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Jacob A. Riis (1849–1914). Theodore Roosevelt, the Citizen. 1904.

Page 290

We were talking about a public institution I wished to see reformed, and he was anxious to know if there was any way in which he could help. “If there is,” he said, “let me.” But there was not, and I was sorry for it; for the matter concerned the growing youth and the citizenship of to-morrow, and I knew how near his heart that lay.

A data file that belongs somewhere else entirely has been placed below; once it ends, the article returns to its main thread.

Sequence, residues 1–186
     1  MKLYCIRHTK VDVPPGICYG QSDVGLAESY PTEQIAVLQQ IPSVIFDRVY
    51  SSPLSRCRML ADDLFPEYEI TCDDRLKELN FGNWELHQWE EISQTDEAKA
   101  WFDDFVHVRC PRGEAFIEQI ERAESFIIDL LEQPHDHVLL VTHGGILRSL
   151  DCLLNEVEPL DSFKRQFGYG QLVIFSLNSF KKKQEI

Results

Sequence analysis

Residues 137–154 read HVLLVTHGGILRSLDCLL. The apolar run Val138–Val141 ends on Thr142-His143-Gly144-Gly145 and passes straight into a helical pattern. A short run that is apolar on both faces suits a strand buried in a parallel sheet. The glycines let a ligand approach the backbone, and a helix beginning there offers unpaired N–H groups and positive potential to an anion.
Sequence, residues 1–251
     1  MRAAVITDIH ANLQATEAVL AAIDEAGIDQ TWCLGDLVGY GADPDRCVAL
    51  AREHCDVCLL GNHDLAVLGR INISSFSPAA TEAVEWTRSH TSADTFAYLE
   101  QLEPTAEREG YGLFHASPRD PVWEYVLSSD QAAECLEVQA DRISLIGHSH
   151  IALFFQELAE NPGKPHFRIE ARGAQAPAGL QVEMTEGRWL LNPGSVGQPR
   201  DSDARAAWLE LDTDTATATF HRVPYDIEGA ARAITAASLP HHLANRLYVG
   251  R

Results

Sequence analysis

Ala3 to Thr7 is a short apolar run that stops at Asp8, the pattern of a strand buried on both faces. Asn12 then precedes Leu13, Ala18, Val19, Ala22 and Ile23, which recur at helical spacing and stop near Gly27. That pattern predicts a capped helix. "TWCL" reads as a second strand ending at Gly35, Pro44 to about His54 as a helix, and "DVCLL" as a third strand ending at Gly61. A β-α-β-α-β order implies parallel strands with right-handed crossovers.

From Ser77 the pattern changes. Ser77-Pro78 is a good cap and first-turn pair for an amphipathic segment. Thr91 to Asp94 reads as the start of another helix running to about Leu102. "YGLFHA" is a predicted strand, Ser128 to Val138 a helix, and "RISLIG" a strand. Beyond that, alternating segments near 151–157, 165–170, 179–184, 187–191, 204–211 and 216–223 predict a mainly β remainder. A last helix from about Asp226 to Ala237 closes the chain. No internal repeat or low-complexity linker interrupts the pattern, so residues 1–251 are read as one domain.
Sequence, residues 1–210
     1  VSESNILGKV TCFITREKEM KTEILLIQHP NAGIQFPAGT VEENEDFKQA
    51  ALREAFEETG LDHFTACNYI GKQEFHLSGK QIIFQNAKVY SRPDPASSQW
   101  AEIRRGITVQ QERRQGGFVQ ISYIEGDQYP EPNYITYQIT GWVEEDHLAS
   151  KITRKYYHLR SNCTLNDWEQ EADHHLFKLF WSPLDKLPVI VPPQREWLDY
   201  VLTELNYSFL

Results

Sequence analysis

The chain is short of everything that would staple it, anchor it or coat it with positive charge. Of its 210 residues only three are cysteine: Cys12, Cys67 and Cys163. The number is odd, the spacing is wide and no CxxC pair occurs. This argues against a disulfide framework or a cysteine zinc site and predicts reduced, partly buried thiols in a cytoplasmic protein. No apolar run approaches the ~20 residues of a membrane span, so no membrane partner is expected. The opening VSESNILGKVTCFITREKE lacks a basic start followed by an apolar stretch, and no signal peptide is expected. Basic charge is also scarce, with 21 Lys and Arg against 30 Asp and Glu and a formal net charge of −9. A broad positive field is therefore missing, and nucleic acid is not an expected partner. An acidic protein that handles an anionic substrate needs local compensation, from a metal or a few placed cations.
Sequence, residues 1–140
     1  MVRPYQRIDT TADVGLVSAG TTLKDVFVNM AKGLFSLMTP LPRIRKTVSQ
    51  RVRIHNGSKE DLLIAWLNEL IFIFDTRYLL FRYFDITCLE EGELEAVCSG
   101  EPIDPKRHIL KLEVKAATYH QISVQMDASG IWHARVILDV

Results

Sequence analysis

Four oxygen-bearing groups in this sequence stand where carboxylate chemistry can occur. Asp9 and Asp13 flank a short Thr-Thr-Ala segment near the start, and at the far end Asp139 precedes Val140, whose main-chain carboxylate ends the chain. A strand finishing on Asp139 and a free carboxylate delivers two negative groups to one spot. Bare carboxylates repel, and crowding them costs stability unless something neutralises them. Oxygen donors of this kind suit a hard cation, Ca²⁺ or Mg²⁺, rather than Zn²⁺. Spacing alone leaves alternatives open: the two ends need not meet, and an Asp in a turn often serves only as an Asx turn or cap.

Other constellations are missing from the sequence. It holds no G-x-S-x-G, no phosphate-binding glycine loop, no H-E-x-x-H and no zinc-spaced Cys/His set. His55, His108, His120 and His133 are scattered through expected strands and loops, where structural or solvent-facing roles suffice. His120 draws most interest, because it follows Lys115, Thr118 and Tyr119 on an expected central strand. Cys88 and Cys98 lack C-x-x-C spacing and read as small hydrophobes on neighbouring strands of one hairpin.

I have been rambling along on my own plan of putting things in when I thought of them, and I cannot say that I feel proud of the result; but if from it there grows a personality whose dominating note is utter simplicity, I have not shot so wide of the mark, after all. For that is it. All he does and says is to be taken with that understanding. There again is where he unconsciously upsets all the schemes and plots of the politicians. They don’t understand that “the game can be played that way,” and are forever looking for some ulterior motive, some hidden trap he never thought of. Bismarck, it is said, used to confound his enemies by plumping out the truth when, according to all the rulers of the old-school diplomacy, he should have lied, and he bagged them easily. Roosevelt has one fundamental conviction,